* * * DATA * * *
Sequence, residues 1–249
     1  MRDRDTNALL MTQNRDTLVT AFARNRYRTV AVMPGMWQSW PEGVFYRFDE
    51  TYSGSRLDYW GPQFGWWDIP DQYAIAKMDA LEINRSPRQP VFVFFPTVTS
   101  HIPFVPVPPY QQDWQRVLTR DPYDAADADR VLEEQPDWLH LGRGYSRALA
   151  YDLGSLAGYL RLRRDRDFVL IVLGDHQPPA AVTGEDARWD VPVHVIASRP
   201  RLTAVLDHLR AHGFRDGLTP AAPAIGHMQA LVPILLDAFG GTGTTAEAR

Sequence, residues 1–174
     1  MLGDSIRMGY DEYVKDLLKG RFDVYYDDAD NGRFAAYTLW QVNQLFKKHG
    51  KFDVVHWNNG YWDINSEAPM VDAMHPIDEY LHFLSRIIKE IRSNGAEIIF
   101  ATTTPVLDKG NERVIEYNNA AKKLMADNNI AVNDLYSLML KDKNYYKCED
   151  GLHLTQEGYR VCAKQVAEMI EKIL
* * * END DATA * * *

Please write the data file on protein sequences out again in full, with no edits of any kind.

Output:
Sequence, residues 1–249
     1  MRDRDTNALL MTQNRDTLVT AFARNRYRTV AVMPGMWQSW PEGVFYRFDE
    51  TYSGSRLDYW GPQFGWWDIP DQYAIAKMDA LEINRSPRQP VFVFFPTVTS
   101  HIPFVPVPPY QQDWQRVLTR DPYDAADADR VLEEQPDWLH LGRGYSRALA
   151  YDLGSLAGYL RLRRDRDFVL IVLGDHQPPA AVTGEDARWD VPVHVIASRP
   201  RLTAVLDHLR AHGFRDGLTP AAPAIGHMQA LVPILLDAFG GTGTTAEAR

Sequence, residues 1–174
     1  MLGDSIRMGY DEYVKDLLKG RFDVYYDDAD NGRFAAYTLW QVNQLFKKHG
    51  KFDVVHWNNG YWDINSEAPM VDAMHPIDEY LHFLSRIIKE IRSNGAEIIF
   101  ATTTPVLDKG NERVIEYNNA AKKLMADNNI AVNDLYSLML KDKNYYKCED
   151  GLHLTQEGYR VCAKQVAEMI EKIL